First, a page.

Four drug companies reached a $260 million settlement to avoid going to trial in a case brought by two Ohio counties that sought to blame them for stoking the nationwide opioid crisis.
The Wall Street Journal first reported the settlement.
McKesson Corp., Cardinal Health Inc., AmerisourceBergen Corp. and Teva Pharmaceuticals Ltd. agreed to a deal around midnight Sunday or 1 a.m. Monday, U.S. District Court Judge Dan Polster said during Monday court proceedings. Distributor Henry Schein struck a separate deal with Summit County, Ohio. The new plan is for Walgreens and other pharmacies to go to trial within six months.
"The parties were always free to reach a resolution, and I'm glad they did," Polster said.
The companies admitted no wrongdoing as part of the settlement. In the last 20 years, an estimated 400,000 deaths are blamed on opioids, both legal and illegal.
Walgreens distanced itself from other defendants in the first federal opioid trial that was slated to start Monday.
"Walgreens is completely unlike the wholesalers involved in the national opioid litigation," the company said in a statement Monday. "Before 2014, Walgreens delivered opioid medications – among many other types of medications – only to our own pharmacies, staffed by our own pharmacy professionals."
"We never sold opioid medications to pain clinics, internet pharmacies or the 'pill mills' that fueled the national opioid crisis," Walgreens continued.
The stakes of the case were expected to be significant and far-reaching, as a bellwether for how future cases are handled. There have been 2,600 lawsuits filed against various pharmaceutical-related companies that make, sell or distribute the drugs, in an effort to recover some of the cost to opioid-ravaged communities.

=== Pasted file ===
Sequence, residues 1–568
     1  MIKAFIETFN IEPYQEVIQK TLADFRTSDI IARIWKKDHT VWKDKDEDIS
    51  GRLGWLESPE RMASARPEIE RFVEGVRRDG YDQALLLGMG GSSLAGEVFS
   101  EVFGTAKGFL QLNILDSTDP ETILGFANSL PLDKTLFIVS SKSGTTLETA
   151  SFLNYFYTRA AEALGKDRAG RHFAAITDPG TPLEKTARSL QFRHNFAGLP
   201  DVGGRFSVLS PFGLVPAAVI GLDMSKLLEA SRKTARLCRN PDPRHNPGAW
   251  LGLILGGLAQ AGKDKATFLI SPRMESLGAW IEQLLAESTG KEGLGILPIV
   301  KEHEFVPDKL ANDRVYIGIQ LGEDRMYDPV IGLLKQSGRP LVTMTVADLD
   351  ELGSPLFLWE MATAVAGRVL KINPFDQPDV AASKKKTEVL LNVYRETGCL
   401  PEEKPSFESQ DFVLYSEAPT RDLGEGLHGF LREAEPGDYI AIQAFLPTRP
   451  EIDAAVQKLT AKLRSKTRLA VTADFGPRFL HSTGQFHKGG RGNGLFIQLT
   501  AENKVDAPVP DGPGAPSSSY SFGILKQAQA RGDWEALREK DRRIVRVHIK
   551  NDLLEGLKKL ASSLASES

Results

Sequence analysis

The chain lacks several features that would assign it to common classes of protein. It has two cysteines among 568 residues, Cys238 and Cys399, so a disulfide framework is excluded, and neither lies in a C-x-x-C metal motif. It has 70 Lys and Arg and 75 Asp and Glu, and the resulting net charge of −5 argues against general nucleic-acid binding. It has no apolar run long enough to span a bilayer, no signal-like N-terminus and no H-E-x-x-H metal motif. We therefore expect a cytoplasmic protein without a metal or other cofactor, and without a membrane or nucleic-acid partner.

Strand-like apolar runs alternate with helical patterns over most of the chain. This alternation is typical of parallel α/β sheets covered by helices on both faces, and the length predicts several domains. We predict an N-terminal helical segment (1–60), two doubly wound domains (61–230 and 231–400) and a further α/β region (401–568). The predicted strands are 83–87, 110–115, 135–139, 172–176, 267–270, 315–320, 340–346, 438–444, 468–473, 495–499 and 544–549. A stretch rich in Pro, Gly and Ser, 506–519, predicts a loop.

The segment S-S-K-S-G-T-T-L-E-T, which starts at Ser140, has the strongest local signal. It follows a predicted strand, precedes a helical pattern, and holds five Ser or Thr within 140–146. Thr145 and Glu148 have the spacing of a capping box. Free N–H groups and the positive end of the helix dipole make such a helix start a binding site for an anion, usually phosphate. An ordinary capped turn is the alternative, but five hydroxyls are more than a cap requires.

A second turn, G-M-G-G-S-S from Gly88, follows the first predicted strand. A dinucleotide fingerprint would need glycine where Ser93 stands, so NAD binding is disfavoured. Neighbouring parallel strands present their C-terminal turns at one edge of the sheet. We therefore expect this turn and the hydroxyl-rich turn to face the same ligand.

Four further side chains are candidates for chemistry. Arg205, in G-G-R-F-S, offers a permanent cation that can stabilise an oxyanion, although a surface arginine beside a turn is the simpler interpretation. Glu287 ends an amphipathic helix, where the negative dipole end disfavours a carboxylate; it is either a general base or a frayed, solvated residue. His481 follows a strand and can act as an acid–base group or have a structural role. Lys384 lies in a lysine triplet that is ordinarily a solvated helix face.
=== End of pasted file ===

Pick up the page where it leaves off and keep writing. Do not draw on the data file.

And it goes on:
In the case at hand, two Ohio counties -- Cuyahoga and Summit -- were suing companies that either make, sell or distribute opioids. The counties were looking for money to help them fight and fix the epidemic, while families who lost loved ones to overdoses are seeking justice. The companies, meanwhile, say they followed the law and aren't to blame for the crisis.
"This is not your typical tort product liability case. It’s really about an epidemic," Carl Tobias, a professor in the law school at the University of Richmond, said. "There are so many different motivations among so many different players, it’s virtually impossible to know what would be good."
"The distributors' role is to help ensure that medicines prescribed by licensed doctors are delivered to licensed pharmacies, so they are available for patients who need them, when they need them, where they need them," the three large distributors said in a joint statement issued after settlement negotiations hit an impasse on Friday. "We have to balance our mission to deliver medicines to pharmacies and hospitals when and where they need them against our important efforts to prevent and detect illegal diversion of those drugs."
The Associated Press and FOX Business' Jason Racki contributed to this report.